These troops are entrusted with the task to provide protection and security to UN officials, provide operational and backup support, respond to threats to public order in coordination with the Kosovo administration, and assist humanitarian agencies.[3] The Rangers also had participated in numerous special military operations along with Pakistan Army Special Forces branch in the past. Since their revitalization and re-building after the 1971 war, the Rangers have been involved in the numerous special military operations in Pakistan. The Rangers have also assisted the Army's Special Service Group in performing special operations. They first participated in 1973, when they, based on the intelligence reports, had successfully accompanied the SSGs to raid the Iraqi Embassy. In 1992, the Rangers were deployed to Karachi, and the Government of Sindh had used Rangers to keep peace in the city. The Rangers had also participated in Operation Blue Fox in 1992 along with the Army. Due to their close association with the Army, the Rangers also fought in Indo-Pakistani War of 1999 (Best known as Kargil War) deployed in Jammu and Kashmir. Despite the fact of it being a paramilitary force, the Government of Pakistan had recognized the Rangers as its one its special forces in 2004. The Rangers were among one of the special forces that participated in Operation Silence and accompanied Army Commandos in the operation. During the operation, the Rangers suffered a single casualty.[4] In 2009, Rangers completed a special military operation in Lahore alongside the Special Service Group, when terrorists attacked the Manawan Police Academy. While it was led by the Pakistan Rangers, the operation, codenamed Lahore Police Academy Operation, ended with eight militant deaths with one captured.[5] The same year, the Government of Pakistan deployed the Rangers to secure the outskirts of Islamabad when Taliban forces had taken over the Buner, Lower Dir, Swat and Shangla districts. Its members also participated in Operation Black Thunderstorm while securing the capital.[6]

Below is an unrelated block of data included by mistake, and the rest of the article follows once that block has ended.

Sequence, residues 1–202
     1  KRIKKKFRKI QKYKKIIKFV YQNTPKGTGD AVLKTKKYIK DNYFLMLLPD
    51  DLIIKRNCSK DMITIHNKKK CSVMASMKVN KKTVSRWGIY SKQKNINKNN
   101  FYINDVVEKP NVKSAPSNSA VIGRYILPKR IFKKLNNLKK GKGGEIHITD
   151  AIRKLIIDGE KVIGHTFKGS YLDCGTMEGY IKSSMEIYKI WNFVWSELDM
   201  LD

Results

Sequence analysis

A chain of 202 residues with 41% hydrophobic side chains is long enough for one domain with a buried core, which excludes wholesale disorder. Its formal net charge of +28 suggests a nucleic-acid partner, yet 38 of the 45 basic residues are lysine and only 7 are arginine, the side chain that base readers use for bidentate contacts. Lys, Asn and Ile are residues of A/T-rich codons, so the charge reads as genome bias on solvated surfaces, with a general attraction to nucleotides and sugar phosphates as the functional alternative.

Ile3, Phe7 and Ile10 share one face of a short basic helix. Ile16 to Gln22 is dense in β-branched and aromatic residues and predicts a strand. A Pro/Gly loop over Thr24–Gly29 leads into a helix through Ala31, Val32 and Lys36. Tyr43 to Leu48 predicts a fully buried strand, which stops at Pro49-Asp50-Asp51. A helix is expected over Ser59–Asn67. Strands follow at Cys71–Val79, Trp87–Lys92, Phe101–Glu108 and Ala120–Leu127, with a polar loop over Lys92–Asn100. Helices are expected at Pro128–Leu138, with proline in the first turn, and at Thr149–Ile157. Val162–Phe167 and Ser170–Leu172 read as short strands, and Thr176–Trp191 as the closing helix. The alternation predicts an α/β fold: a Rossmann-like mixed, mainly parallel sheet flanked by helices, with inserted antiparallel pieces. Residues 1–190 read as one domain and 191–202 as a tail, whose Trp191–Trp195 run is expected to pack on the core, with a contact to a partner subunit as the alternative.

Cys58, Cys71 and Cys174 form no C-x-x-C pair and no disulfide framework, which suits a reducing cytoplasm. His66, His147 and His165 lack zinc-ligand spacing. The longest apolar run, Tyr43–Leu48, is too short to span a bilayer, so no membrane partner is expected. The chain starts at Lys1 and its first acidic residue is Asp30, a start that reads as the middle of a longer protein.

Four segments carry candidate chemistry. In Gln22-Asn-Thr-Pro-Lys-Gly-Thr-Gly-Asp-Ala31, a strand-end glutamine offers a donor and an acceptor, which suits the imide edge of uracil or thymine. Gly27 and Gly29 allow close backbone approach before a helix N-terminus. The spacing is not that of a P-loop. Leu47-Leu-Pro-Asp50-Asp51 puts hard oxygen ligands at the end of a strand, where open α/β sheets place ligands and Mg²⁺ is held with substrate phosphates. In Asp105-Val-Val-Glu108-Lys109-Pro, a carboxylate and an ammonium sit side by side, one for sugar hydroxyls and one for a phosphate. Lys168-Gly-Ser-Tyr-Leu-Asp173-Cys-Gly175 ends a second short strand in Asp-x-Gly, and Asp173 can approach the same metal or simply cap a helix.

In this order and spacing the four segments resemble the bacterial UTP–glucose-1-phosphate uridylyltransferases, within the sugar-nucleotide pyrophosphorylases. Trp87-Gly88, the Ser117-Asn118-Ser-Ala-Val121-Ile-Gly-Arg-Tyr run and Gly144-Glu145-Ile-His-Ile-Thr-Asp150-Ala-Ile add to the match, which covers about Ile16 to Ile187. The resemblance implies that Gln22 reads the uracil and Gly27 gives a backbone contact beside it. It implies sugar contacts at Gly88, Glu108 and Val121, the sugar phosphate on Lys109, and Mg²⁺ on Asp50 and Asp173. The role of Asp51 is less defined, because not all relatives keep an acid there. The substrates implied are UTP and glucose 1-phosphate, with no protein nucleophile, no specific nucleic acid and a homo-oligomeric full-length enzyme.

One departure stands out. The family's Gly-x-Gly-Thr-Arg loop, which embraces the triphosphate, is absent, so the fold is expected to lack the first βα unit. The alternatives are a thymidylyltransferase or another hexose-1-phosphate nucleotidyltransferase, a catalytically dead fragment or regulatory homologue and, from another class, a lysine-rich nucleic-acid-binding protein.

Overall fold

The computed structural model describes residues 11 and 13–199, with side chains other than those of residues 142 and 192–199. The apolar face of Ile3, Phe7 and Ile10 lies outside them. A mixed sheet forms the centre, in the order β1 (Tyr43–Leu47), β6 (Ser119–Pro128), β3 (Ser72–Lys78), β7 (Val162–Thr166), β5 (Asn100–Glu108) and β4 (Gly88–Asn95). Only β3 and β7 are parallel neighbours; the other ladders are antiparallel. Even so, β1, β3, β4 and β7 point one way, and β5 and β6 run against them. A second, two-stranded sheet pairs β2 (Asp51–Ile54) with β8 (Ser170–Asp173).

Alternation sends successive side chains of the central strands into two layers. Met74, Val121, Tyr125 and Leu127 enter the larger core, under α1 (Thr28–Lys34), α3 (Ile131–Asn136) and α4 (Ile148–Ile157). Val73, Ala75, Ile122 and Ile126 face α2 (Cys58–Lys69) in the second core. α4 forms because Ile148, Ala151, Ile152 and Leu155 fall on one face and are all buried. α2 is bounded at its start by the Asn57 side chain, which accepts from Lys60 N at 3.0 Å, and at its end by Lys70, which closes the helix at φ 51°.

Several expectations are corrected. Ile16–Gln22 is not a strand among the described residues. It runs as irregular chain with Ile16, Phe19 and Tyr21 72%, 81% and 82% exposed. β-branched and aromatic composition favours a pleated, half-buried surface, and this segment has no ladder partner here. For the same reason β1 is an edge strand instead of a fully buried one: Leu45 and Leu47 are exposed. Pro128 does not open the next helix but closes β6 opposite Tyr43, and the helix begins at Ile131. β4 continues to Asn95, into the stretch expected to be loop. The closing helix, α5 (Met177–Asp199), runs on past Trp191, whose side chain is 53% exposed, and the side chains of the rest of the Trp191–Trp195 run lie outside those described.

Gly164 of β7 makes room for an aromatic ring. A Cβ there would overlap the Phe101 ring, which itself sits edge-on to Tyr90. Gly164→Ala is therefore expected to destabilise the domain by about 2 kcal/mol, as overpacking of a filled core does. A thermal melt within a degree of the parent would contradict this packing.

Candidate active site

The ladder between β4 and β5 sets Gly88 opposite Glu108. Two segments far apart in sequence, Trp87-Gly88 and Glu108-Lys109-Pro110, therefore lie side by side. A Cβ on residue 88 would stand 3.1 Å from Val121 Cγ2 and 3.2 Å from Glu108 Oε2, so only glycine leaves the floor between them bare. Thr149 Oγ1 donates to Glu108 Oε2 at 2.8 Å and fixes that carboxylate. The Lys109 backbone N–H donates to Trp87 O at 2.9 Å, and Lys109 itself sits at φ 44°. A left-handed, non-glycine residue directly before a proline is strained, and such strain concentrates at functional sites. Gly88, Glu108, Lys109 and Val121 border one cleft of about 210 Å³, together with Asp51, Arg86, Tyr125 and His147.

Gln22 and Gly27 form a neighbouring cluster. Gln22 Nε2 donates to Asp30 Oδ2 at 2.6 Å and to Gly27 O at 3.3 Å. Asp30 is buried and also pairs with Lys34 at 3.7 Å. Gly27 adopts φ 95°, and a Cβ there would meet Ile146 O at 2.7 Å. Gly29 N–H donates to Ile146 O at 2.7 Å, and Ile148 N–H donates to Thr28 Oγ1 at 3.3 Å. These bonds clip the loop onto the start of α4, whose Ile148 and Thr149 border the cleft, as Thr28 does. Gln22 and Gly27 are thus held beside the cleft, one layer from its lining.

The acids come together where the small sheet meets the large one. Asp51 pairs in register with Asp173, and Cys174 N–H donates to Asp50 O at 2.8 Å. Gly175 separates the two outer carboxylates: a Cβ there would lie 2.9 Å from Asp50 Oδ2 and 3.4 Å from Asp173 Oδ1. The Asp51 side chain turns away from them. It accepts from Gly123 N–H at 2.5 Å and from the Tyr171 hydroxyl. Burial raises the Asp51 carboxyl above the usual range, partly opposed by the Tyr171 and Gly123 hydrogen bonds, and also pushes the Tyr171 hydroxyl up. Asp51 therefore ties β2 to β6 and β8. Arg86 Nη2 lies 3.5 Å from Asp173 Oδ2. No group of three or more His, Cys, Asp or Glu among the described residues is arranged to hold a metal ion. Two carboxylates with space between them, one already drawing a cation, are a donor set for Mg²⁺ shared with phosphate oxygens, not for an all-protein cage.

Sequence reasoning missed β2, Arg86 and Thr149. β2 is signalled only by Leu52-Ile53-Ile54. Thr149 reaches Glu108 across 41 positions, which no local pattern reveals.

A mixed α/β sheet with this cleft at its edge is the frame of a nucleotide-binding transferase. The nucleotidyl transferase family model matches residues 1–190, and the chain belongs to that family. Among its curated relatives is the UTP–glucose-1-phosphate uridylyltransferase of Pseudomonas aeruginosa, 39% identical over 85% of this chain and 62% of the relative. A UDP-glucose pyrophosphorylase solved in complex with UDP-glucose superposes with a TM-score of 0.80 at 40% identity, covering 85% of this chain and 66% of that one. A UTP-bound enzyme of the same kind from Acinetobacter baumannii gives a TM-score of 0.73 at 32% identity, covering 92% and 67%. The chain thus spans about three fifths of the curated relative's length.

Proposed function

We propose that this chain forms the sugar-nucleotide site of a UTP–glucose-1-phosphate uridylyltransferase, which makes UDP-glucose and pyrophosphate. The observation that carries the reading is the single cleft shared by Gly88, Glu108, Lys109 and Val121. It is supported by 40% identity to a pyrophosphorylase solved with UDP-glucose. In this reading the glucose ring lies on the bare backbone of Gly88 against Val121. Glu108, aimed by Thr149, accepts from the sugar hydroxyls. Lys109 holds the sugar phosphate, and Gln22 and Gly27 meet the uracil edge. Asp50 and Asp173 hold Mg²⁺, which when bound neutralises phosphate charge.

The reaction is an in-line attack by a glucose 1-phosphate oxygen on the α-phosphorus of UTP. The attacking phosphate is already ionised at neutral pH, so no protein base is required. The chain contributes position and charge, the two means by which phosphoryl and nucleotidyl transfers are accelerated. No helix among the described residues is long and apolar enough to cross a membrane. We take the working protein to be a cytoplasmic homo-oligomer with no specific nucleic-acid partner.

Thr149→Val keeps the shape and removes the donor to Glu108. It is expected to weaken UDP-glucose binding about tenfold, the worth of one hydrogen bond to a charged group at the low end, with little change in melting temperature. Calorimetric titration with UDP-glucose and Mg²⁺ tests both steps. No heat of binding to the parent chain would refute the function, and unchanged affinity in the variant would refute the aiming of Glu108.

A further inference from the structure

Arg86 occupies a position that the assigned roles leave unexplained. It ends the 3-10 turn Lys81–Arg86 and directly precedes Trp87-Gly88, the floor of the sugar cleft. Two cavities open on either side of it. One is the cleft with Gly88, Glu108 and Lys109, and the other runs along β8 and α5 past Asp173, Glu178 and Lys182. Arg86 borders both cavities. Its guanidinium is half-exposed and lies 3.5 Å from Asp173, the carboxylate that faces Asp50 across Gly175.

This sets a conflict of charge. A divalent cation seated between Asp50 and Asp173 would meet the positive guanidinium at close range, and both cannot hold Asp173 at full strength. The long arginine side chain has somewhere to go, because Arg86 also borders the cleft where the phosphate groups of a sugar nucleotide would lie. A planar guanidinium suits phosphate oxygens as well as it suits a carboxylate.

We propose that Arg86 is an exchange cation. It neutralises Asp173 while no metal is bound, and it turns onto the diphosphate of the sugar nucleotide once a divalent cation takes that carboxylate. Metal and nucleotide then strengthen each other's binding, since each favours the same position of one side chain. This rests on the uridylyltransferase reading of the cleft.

A Pakistan Ranger's soldier at Wagah Border.

Pakistan Rangers are divided into two separate branches: Pakistan Rangers (Sindh) and Pakistan Rangers (Punjab). Each branch is headed by a Director General appointed by the Pakistan Army after the clearance from the Chief of Army Staff. The Director General of the Pakistan Rangers currently holds the 2-star rank of Major-General. The current Director General of Pakistan Rangers (Sindh) is Major General Bilal Akbar,[7] whereas Director General of Pakistan Rangers (Punjab) is Major General Farooq Berki, ([8]).

The equivalent paramilitary force in Balochistan and Khyber Pakhtunkhwa is called the Frontier Corps.


The Rangers are tasked with securing important monuments and guarding national assets in all major cities of Pakistan, including Islamabad. The Rangers have notably contributed towards maintaining law and order in Islamabad, Karachi, and Lahore in major crises. The Sindh Rangers consist of approximately 25,000 persons whereas almost half of the total force is deployed to Karachi. Due to the unstable situation in Pakistan, the Rangers have become extremely necessary to maintain law and order in all major cities.


Rangers Anti Terrorist Force[edit]

The Rangers Anti-Terrorist Company has been active since early 2004. They were trained by Zarrar Company of Special Services Group (SSG) of the Pakistani Army. This company also participated in a recent exercise with U.K. Special Air Service operators and U.S. Army Rangers.

Training and selection[edit]